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According to the Business of Fashion report, the fashion sector is at risk of falling short of its environmental targets

Images: Reuters Berita 24 English - Despite some sector leaders' incremental improvements, the fashion industry's 30 largest publicl...

Images: Reuters

Berita 24 English - Despite some sector leaders' incremental improvements, the fashion industry's 30 largest publicly traded companies risk falling short of the Paris climate agreement's and UN Sustainable Development Goals' social and environmental goals, according to a report released Tuesday by the Business of Fashion.

"You've got some front runners making small steps forward, but the big picture is that the industry is wildly underperforming," Sarah Kent, The Business of Fashion's chief sustainability correspondent, told Reuters.

Consumers and governments are putting increasing pressure on fashion firms to demonstrate that they are doing more to help the environment, with a particular focus on younger generations.

The online publication analyzed publicly-disclosed information of companies in three categories - luxury, sportswear, and high street fashion - in its second annual report, the Business of Fashion Sustainable Index 2022.

Puma took the top spot in the survey with a score of 49 out of 100, followed by last year's winner, Kering, which remained at the top of the luxury player rankings. Next in line were Levi Strauss, H&M Group, and Burberry, which was a new addition to the research this year.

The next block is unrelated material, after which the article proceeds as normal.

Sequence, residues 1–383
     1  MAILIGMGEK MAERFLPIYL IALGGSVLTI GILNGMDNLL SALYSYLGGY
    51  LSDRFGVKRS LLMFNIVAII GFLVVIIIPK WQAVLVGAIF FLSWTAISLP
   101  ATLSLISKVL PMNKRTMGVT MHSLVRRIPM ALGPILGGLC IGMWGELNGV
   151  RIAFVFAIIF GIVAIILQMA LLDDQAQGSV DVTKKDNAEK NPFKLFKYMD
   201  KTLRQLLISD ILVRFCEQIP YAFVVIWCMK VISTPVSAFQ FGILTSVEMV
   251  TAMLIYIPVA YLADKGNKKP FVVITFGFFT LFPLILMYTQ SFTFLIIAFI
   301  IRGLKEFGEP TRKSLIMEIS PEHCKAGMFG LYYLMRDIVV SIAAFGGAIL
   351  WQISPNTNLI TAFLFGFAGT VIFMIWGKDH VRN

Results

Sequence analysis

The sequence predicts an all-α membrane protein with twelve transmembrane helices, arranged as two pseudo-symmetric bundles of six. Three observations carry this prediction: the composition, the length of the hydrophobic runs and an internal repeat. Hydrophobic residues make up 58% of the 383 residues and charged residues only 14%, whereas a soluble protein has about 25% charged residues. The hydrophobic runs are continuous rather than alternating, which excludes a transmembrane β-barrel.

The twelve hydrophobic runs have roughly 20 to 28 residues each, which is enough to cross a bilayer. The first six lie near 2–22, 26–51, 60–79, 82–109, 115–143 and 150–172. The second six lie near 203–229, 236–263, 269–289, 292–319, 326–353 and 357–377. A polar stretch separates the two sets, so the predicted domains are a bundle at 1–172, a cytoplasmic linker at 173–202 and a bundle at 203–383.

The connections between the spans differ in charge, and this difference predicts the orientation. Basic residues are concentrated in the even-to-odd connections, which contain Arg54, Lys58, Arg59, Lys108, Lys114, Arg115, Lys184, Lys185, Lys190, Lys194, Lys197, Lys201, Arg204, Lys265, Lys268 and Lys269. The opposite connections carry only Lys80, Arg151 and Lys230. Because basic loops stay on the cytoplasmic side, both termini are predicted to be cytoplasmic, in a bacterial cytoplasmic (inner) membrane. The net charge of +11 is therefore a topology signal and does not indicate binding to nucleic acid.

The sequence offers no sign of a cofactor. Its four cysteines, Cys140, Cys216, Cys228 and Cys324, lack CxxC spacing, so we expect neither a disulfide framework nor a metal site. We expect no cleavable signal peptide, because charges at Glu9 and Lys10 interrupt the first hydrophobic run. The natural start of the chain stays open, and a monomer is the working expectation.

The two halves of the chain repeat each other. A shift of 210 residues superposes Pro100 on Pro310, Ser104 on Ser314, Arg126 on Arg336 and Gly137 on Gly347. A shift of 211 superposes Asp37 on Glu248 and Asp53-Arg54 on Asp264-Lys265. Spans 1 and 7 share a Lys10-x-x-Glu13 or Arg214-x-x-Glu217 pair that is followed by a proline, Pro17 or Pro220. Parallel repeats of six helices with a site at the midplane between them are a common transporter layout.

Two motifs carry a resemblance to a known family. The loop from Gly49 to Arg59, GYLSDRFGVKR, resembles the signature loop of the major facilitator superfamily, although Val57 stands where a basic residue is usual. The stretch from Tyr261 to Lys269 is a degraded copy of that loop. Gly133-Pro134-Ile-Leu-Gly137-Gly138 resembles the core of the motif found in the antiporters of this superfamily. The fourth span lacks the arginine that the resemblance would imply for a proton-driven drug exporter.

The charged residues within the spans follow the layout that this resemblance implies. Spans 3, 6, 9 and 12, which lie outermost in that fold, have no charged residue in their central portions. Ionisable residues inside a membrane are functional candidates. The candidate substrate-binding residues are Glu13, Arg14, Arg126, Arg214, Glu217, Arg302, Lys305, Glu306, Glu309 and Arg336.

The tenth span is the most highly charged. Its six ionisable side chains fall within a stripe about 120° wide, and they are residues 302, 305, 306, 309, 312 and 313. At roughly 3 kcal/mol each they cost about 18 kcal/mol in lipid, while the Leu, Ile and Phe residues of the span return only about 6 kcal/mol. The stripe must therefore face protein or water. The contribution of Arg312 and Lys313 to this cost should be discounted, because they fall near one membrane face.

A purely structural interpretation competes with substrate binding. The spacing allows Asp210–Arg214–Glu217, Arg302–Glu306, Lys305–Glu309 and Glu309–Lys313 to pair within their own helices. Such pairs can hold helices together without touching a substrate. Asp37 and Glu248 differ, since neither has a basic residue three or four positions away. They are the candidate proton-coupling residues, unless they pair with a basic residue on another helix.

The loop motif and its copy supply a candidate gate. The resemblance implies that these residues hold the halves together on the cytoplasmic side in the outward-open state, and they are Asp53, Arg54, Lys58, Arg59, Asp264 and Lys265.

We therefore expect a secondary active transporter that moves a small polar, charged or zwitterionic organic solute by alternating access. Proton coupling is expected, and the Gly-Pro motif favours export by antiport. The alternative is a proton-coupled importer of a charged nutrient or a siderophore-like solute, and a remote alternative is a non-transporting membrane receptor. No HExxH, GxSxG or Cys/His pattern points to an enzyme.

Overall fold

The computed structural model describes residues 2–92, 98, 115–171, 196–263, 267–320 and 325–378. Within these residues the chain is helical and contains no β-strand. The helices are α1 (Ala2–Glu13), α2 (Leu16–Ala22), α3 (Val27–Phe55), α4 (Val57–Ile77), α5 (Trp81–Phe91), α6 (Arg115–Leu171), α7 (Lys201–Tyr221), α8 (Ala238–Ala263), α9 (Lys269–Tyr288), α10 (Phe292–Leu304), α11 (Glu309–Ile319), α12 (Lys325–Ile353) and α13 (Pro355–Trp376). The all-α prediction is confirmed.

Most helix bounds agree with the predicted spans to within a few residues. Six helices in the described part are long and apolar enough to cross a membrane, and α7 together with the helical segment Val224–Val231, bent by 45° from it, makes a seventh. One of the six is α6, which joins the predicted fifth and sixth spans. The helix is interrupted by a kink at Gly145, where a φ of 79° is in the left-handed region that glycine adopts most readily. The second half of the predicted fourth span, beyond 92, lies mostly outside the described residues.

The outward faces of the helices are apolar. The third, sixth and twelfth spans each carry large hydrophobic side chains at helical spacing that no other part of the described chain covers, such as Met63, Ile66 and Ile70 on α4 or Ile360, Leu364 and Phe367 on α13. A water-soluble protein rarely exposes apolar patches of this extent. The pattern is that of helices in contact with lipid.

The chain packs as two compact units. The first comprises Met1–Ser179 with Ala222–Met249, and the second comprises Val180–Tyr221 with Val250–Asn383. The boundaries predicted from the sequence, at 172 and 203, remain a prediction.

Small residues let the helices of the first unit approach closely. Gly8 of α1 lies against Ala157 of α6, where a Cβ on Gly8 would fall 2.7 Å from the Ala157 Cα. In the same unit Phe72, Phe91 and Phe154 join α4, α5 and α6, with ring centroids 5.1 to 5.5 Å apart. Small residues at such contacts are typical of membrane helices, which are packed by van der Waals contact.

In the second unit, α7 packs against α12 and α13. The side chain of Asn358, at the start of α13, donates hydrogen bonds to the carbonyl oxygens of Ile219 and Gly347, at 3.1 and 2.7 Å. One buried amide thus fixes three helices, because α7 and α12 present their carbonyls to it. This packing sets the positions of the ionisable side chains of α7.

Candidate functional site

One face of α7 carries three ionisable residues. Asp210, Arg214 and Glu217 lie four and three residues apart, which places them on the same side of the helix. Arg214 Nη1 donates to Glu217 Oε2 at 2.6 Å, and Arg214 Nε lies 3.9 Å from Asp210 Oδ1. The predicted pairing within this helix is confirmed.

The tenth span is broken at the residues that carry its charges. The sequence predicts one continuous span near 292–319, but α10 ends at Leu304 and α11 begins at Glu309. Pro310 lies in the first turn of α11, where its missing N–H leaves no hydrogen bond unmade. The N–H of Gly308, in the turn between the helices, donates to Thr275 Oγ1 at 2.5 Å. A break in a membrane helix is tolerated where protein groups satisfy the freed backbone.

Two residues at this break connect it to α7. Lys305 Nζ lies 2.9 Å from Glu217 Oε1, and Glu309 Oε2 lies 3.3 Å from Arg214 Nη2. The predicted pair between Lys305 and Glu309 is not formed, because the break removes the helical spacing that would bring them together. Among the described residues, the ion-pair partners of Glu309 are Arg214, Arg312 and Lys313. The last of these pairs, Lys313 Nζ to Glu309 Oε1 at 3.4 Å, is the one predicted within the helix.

The brands with the lowest scores were all newbies to the list, with sportswear and high-street fashion at the bottom.

"There are signs of progress, but it's largely incremental," Kent said. "We're not seeing the big transformational leaps that we really do need to see over the next 8 years in order to get from where we are today to an industry that is operating at a level that won't blow through the Paris climate agreement ambitions or other key industry targets."

As authorities and customers become more sceptical of inflated claims, organizations risk losing their cultural relevance and destroying long-term value, according to the paper.

Companies scored highest for progress in lowering emissions out of six topics, including workers' rights and materials, while making the least progress in reducing trash.

According to the report, the industry has to build new business models.

"For big executives at any fashion company, this is a really gnarly challenge — how do you satisfy your shareholders and demonstrate that you can continue to drive financial growth without driving production growth, without continuing to make more and thus extract more and thus create more waste?" Kent said.

The expanded scope of this year's assessment, which doubled the number of companies from last year's 15, dragged down the overall rankings.

"More companies almost always equaled worse outcomes," Kent added.

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